Stocks continued their plunge Thursday, as President Donald Trump’s latest effort to address the coronavirus outbreak — a ban on the entry from most European countries to the United States — disappointed investors who have been waiting for Washington to take steps to bolster the economy.

Trading was turbulent, with stocks staging a brief comeback as investors reacted to the Federal Reserve’s decision to offer at least $1.5 trillion worth of loans to banks to help smooth out the functioning of the financial markets. But the selling picked up again by midafternoon.

The S&P 500 closed down about 9.5%, its biggest daily drop since the stock market crashed in 1987, on what came to be known as Black Monday. The decline has left stocks in the United States firmly in a bear market — a term that signifies a decline of 20% from the most recent highs.

For the Dow Jones industrial average, the drop of 10% was also its worst since the 1987 stock market crash.

The travel ban hit shares in Europe particularly hard, with major stock indexes there down more than 10% and one regional bench mark suffering its worst-ever decline. It also battered airline stocks. And, with oil prices falling, energy companies were among the day’s biggest losers, too.

Waves of selling have come as investors have been dismayed by Washington’s inability to rally around a meaningful response to the economic toll the outbreak will take. Trump said Wednesday that he would extend financial relief for sick workers and would ask Congress for more. But he remained at loggerheads with Congress on more comprehensive measures.


The most notable step Trump announced Wednesday, that the United States would stop travel from most European countries outside Britain for 30 days, hurt financial markets more than it helped. And on Thursday, he said he could restrict domestic travel to regions of the United States when the coronavirus becomes “too hot.”

“Until there are details on the steps that leadership intends to pursue to remedy the economic effects of the viral outbreak, equity markets will be vulnerable,” said Carl Tannenbaum, chief economist at Northern Trust.

The Federal Reserve Bank of New York responded Thursday to increasingly fraught market conditions by announcing that it would offer at least $1.5 trillion worth of short-term loans to banks Thursday and Friday and change the structure of its ongoing asset purchase program.

Analysts viewed the moves as warranted given funding constraints on Wall Street.

“This is a full-blown crisis response operation, intended to make it abundantly clear that the Fed will not allow liquidity to dry up,” Ian Shepherdson, chief economist at Pantheon Macroeconomics, wrote in a note.

Oct. 19, 1987, became known as Black Monday on Wall Street, when the Dow Jones industrial average fell 22.6%. In London, Black Monday was spread over two days — with the FTSE 100 in London falling 10.8% on Monday and 12.2% on Tuesday.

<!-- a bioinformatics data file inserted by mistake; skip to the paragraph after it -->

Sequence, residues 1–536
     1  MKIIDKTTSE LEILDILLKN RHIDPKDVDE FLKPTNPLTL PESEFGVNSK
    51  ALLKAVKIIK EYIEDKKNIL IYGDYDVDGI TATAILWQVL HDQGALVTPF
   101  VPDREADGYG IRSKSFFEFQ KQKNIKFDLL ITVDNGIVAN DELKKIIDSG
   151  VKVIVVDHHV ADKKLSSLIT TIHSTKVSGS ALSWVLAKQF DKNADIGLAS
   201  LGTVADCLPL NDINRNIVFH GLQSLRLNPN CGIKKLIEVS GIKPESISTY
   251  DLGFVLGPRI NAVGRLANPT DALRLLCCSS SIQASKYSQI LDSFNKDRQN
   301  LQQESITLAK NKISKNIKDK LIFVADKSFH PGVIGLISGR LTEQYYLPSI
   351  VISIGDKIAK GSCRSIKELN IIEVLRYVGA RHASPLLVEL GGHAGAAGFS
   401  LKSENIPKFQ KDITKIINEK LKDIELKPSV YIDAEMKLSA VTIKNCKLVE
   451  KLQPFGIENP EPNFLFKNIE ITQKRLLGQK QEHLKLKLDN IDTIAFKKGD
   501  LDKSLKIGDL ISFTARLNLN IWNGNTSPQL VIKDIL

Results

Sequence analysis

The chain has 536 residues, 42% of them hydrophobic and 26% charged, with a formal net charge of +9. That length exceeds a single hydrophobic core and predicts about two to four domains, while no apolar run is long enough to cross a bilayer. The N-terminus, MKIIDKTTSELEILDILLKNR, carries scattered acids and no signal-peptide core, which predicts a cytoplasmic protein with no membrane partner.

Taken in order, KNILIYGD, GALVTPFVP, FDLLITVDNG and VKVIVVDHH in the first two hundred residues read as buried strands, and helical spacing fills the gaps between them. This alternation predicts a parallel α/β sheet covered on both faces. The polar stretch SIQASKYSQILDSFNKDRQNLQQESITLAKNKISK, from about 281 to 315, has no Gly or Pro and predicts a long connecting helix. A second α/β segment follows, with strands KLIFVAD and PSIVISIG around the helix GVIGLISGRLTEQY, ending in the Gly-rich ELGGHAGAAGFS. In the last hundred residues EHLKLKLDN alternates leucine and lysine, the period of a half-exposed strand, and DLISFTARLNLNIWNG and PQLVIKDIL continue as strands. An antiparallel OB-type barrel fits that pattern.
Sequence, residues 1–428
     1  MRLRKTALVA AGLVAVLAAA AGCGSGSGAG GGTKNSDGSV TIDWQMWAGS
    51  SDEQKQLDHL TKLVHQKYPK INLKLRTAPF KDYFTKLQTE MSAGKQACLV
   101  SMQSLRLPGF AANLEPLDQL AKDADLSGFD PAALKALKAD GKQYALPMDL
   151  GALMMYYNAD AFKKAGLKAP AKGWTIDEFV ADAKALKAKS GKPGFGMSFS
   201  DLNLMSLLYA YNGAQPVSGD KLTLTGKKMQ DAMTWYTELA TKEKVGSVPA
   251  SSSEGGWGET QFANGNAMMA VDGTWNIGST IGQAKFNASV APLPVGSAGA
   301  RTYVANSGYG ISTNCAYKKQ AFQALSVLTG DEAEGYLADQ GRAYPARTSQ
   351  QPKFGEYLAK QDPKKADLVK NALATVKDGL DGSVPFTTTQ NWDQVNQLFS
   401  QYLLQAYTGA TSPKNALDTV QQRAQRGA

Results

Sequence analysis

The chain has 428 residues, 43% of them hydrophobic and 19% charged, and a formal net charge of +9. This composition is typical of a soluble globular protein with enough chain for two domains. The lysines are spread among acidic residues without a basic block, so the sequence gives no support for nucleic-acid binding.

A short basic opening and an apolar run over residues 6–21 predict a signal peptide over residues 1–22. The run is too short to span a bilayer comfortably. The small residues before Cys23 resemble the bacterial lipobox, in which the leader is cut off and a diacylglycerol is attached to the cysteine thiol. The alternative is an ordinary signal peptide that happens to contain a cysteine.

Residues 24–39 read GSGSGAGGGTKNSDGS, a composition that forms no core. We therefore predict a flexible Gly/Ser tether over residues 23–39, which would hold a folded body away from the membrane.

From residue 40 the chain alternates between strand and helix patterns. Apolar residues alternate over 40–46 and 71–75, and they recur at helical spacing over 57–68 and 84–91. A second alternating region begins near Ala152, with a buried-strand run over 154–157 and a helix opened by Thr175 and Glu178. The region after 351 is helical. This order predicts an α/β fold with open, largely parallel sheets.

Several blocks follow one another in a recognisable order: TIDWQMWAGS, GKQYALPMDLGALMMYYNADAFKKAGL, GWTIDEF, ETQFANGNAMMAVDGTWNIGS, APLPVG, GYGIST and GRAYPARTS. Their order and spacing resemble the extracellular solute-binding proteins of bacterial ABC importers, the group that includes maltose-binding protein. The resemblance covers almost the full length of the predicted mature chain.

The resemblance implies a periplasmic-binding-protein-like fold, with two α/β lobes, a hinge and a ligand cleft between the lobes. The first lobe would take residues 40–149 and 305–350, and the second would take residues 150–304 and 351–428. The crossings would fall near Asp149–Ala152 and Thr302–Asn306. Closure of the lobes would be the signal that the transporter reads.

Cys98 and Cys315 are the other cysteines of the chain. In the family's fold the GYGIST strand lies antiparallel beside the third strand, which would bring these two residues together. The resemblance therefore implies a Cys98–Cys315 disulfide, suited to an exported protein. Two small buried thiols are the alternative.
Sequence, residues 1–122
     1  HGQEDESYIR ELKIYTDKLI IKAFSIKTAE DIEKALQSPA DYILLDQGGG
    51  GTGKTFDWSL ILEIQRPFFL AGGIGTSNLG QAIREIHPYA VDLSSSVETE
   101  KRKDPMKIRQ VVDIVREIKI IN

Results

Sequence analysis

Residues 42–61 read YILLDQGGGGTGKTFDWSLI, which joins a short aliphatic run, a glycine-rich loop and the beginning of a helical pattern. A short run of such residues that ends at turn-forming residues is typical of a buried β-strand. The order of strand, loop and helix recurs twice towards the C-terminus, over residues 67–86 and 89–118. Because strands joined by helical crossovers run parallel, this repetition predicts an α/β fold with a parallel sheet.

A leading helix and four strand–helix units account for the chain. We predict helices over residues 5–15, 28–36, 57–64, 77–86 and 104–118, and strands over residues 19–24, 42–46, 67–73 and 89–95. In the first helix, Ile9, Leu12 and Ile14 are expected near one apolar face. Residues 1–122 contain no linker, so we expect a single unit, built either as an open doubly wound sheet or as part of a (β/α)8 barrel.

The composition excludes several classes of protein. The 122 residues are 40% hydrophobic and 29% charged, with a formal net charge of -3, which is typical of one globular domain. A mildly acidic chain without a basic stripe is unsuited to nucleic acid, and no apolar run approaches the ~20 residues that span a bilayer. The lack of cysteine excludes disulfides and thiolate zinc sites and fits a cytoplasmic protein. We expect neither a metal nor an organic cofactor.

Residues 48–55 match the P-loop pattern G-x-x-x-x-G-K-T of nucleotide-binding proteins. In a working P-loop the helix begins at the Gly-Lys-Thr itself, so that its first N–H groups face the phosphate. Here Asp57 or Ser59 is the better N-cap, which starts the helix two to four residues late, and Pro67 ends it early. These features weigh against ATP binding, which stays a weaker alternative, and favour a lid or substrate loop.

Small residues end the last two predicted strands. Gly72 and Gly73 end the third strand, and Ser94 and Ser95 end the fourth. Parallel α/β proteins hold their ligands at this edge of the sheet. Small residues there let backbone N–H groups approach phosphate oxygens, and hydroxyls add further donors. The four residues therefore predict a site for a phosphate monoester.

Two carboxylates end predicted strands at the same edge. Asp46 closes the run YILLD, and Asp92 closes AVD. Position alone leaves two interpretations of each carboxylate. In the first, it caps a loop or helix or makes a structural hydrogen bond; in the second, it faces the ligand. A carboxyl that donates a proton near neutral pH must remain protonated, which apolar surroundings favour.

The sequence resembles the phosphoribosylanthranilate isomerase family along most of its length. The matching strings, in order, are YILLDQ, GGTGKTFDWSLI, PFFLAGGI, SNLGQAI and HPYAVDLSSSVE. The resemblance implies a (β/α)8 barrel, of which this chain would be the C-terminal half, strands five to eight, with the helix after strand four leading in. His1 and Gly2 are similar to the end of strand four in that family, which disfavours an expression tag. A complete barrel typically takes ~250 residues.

On Thursday, stocks in both countries suffered their worst single-day drop since then — surpassing its biggest decline of the financial crisis in 2008.

But unlike stocks in the United States, trading in London has been volatile for years as investors faced the uncertainty of Britain’s exit from the European Union and the economic chaos that might cause. But the fast spread of the coronavirus in Europe has hit the index, and its counterparts on the European continent, particularly hard.

The FTSE 100 is down about 30% since the start of the year, compared with the S&P 500’s drop of about 25%.

Most Americans surveyed are worried about the economic impact of the coronavirus outbreak, with concern greatest among Democrats and independent voters, according to a nationwide poll conducted by online research firm SurveyMonkey for The New York Times.

The partisan gap in attitudes in the survey, which was begun last week and completed Sunday, may reflect Republicans’ greater receptivity to Trump’s assurances that the economy remains strong and that the virus is under control in the United States.

Three-quarters of independents and more than 8 in 10 Democrats said they worried that the virus outbreak would hurt the economy. Two-thirds of Republicans expressed similar concern.


The Institute of International Finance cut its forecast for U.S. economic growth sharply last week, and on Thursday it said things will be even worse because of the surge in oil prices and increasing risk of “credit stress.” As a result, the think tank has raised its projection for the possibility of a recession.

As the coronavirus spreads, policymakers are limited in what they can do to protect the economy, wrote Robin Brooks, the institute’s chief economist, and his colleague Jonathan Fortun. Money is tumbling out of emerging market countries, a sign of investor fear, at a pace not seen even during the 2008 financial crisis, based on IIF data.

“(A) global ‘sudden stop’ is in the making, one that could present substantial downside risk to our forecasts,” they wrote, noting that a similar seizing up in foreign financing came at huge economic cost to both Turkey and Argentina in 2018.